Tag Archives: Nebraska

OMAHA, Neb. (AP) — Some Nebraska and Iowa businesses are still struggling to recover from flooding that damaged their properties or otherwise kept customers away from their doors.

The Federal Emergency Management Agency estimated that in Nebraska alone, more than 1,000 businesses were affected by March’s severe weather.

Flooding continued into May and June in eastern Nebraska and western Iowa, especially along the Missouri River. Central Nebraska got hit by flash floods earlier this month this month, hurting Kearney’s hotel and tourism industry.

The Omaha World-Herald reported that businesses and boosters have been taking extra steps to send a message: Our towns and businesses haven’t been wiped out, and we need customers now more than ever.

In northeast Nebraska’s Knox County, for example, officials have been handing out maps so visitors can navigate flood-damaged roads and bridge reconstruction. The community of Verdigre held an event called “Good As New” at the end of May.

A Harley-Davidson dealership in Iowa’s Pacific Junction threw a party at the end of June to celebrate the dealership’s return to its regular location after cleaning up and repairing soggy drywall. Loess Hills Harley-Davidson moved employees and motorcycles to a temporary building in nearby Glenwood for months after taking on 18 inches of water.

“We can either sit back and say we’re victims and we’re going to play the pity party or say, hey, were going to take the opportunity to make something good out of something bad,” general manager Dan Roland said.

Agricultural company Cargill has helped employees pay for hotels in Nebraska City to ensure operations at its plant there weren’t interrupted too much by road closures and detours. Interstate 29 across the river in Iowa was closed by flooding, and the Iowa Highway 2 link to the bridge over the Missouri to Nebraska City was underwater for weeks as well.

Developers are speeding plans to build more housing on the Nebraska City side of the Missouri, in case Iowa residents hurt by flooding decide not to rebuild, said Dan Mauk, executive director of the Nebraska City Area Economic Development Corp.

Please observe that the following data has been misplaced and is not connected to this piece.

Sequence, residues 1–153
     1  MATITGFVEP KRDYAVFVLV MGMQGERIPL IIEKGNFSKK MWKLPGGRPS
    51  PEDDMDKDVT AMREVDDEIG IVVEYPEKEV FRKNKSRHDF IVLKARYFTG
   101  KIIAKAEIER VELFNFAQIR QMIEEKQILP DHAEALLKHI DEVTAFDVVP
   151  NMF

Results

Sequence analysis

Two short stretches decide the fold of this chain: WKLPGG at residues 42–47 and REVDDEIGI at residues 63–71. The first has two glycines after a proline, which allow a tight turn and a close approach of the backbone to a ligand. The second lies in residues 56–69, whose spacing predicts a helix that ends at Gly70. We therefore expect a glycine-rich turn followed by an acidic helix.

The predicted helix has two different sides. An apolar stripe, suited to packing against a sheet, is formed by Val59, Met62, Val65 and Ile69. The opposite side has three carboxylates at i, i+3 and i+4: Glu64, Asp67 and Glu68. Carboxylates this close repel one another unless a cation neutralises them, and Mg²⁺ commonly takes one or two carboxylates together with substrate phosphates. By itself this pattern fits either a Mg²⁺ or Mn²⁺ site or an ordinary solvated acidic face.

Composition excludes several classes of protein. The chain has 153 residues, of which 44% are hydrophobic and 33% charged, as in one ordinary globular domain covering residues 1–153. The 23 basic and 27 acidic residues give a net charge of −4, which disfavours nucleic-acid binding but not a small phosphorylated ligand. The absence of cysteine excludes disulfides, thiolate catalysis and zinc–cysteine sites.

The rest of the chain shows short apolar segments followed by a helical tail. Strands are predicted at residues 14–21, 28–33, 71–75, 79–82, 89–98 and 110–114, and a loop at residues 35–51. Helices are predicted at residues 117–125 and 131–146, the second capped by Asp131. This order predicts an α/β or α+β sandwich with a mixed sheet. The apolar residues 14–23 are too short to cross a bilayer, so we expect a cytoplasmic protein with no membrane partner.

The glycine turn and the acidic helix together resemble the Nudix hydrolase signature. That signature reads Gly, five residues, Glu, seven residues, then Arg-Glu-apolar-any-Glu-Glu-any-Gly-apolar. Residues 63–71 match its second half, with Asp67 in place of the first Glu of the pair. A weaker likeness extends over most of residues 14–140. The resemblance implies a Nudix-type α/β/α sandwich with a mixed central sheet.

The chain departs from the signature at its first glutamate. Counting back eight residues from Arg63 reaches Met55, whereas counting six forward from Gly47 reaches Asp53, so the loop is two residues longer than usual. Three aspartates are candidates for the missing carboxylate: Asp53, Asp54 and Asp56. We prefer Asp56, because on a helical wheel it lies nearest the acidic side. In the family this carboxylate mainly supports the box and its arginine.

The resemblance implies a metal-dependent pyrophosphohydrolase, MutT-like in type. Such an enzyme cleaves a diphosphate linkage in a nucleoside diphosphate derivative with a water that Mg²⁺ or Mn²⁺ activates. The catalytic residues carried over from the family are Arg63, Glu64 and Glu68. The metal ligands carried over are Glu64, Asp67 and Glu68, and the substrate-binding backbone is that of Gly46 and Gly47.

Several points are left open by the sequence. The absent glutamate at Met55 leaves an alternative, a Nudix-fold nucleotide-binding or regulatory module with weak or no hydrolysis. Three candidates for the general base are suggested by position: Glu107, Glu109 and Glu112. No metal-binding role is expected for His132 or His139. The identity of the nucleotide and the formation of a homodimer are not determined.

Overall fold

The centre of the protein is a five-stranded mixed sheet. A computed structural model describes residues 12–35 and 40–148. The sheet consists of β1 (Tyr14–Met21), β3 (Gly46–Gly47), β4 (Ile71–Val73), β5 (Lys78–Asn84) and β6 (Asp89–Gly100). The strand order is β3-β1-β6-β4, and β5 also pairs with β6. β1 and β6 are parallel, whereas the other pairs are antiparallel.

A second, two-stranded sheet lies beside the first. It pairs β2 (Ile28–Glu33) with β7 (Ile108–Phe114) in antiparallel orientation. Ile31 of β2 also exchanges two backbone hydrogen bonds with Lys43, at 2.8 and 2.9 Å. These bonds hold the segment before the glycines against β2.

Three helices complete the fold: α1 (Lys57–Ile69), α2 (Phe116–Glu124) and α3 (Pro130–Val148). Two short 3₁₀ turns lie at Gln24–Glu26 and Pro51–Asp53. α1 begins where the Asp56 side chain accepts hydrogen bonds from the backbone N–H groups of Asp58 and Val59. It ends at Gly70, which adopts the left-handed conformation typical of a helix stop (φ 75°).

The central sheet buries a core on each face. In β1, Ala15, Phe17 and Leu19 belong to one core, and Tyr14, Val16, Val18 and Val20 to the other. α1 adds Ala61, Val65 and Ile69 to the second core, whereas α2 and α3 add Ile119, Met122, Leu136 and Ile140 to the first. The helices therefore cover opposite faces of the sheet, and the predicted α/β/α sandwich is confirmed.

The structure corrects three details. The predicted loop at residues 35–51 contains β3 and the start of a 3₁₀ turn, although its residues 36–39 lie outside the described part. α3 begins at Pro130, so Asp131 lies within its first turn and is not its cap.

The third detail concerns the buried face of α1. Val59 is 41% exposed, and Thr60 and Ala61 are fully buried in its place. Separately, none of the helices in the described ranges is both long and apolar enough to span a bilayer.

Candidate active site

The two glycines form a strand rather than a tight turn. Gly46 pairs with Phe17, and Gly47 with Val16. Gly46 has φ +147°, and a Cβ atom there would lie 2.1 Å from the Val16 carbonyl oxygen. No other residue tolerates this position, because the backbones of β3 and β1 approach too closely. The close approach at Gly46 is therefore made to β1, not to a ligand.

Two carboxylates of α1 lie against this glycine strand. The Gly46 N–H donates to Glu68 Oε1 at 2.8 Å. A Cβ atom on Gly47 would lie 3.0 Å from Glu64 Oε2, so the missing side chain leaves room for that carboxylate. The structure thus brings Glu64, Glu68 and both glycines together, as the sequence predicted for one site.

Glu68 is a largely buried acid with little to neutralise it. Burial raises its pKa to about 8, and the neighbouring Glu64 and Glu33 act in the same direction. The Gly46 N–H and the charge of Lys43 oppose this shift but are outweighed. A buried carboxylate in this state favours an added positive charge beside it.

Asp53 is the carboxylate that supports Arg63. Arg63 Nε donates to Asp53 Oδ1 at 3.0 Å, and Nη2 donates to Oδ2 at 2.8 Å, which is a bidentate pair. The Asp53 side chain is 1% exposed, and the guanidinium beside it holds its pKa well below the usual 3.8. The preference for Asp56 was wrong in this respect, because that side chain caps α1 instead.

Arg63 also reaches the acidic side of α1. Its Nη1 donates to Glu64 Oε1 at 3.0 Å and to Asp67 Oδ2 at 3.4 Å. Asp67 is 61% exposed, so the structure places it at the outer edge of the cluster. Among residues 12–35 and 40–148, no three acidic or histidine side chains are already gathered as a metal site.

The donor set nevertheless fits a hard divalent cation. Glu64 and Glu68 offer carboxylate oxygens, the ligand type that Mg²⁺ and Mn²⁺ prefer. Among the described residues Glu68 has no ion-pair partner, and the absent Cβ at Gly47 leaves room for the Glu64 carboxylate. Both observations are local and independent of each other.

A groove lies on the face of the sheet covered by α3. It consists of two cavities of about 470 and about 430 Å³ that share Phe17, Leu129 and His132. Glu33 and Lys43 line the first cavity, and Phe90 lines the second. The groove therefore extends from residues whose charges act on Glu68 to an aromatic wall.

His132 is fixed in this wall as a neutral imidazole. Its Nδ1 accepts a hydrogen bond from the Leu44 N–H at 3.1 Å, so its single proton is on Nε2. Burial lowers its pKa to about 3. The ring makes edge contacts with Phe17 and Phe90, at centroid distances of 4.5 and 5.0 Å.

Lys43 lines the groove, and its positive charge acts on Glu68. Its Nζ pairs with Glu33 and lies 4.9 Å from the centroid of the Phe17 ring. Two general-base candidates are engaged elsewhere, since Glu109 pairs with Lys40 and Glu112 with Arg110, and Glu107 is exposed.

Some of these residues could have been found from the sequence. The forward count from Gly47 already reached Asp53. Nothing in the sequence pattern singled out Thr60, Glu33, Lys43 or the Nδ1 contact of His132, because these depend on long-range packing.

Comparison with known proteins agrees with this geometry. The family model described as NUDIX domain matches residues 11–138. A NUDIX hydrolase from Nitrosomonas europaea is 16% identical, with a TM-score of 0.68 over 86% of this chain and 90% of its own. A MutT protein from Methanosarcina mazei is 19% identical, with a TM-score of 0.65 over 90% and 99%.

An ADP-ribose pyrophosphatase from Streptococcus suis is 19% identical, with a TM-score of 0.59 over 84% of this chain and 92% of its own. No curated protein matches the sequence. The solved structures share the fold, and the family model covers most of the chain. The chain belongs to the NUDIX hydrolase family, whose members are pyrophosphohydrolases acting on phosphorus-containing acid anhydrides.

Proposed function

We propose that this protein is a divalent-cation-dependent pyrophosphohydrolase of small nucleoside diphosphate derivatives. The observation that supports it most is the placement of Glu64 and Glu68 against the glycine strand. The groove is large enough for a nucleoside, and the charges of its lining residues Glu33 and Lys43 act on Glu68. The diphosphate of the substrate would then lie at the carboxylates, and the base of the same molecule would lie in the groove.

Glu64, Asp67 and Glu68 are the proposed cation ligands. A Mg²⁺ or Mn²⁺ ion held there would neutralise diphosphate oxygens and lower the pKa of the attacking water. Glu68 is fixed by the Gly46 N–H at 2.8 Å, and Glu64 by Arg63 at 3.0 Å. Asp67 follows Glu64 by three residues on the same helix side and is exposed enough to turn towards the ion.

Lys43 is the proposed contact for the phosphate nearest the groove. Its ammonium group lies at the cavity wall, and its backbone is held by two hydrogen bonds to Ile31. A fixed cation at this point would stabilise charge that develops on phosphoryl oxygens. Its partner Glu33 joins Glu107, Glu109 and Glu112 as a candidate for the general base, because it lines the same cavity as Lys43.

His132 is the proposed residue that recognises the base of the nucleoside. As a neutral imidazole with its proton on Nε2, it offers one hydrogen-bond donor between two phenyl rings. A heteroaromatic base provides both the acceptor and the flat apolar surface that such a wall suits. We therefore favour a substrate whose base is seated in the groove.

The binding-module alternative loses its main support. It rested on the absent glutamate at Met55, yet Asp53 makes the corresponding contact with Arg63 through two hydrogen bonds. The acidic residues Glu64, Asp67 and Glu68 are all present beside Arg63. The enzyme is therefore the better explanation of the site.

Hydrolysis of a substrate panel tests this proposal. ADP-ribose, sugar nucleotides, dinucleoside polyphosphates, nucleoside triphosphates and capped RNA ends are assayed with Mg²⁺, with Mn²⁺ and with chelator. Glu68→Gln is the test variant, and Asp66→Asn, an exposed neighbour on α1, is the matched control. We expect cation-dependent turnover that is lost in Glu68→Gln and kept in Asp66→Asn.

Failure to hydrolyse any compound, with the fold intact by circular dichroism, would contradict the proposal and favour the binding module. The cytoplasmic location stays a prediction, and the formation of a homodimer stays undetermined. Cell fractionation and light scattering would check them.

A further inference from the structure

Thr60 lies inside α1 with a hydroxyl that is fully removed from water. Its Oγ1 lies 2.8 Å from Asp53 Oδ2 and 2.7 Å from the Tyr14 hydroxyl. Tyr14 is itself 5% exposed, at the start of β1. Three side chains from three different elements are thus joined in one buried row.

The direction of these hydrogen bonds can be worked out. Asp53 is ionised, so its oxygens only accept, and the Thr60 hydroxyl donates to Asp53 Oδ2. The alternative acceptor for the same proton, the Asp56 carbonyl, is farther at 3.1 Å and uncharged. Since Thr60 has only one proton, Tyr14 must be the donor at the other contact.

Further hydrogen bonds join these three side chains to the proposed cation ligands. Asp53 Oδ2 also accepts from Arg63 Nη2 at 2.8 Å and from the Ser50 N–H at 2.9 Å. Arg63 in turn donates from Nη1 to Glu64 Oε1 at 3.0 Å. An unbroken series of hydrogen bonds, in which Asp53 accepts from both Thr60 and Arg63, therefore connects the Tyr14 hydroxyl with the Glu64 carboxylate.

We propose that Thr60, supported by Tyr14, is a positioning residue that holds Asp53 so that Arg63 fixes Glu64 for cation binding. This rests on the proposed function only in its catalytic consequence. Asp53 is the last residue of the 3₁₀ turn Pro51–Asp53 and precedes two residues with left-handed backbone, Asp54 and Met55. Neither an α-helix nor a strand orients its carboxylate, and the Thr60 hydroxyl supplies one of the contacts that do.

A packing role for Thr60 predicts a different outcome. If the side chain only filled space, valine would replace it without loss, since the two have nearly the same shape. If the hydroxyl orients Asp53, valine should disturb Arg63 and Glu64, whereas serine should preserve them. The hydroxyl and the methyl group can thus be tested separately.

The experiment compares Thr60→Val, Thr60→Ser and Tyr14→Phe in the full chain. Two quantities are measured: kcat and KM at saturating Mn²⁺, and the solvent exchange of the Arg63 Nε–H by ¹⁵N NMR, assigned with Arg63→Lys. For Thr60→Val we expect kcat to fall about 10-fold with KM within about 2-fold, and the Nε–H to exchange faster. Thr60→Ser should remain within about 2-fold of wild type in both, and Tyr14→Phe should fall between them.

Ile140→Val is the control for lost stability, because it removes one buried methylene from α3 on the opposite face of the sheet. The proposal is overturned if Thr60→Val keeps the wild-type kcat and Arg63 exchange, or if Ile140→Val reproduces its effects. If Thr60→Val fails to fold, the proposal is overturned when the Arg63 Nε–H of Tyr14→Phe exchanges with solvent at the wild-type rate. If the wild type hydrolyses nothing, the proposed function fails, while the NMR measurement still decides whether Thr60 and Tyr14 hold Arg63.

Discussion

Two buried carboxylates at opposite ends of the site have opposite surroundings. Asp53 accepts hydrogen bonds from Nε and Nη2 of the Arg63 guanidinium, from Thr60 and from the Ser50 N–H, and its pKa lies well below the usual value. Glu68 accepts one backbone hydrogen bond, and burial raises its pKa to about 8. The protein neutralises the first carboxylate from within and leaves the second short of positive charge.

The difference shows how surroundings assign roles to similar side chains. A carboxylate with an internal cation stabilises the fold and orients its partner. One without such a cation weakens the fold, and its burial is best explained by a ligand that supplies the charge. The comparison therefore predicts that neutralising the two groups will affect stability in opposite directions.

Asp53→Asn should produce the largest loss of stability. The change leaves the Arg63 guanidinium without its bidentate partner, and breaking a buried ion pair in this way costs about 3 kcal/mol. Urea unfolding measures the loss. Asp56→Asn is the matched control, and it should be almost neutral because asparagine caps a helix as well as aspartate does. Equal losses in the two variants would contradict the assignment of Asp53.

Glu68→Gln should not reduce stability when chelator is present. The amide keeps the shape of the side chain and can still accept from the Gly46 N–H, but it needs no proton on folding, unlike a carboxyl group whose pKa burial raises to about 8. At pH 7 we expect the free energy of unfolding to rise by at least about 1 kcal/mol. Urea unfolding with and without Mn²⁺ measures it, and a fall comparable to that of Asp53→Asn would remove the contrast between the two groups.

LINCOLN, Neb. (AP) — Nebraska lawmakers who want to update the state’s largest tax incentive program for businesses are getting ready to try again with a lot of confidence, despite a major setback that stalled their package earlier this year.

Senators who worked on the new incentives said they strongly believe the measure will pass in the 2020 session, just in time to replace the state’s current program before it expires at the end of that year.

“We as a state are not going to not have a package,” said Sen. Mark Kolterman, of Seward, the proposal’s lead sponsor. “I can almost guarantee that.”

Nebraska’s tax incentives have faced increased scrutiny in recent years amid suggestions that they are inefficient and the money is going to companies that would have come to the state anyway. In neighboring Iowa, state officials faced criticism for giving Apple $208 million in tax breaks to build two data shortage centers in Des Moines in a deal that would create at least 50 jobs. Business advocates defend the credits as necessary to compete given that every state offers them.

Nebraska’s influential business groups suffered a rare and surprising defeat in May when lawmakers rejected the “ImagiNE Nebraska Act” because of a spat over property taxes. Several rural lawmakers helped sink the measure after their top priority, an unrelated property tax package, failed to advance. Business and farm advocates have been at odds in recent years over who should get priority for tax breaks, with farmers arguing that their property taxes have soared over the last decade as farm incomes declined. The Nebraska Chamber of Commerce & Industry counters that tax cuts and incentives will make the state more attractive for investment.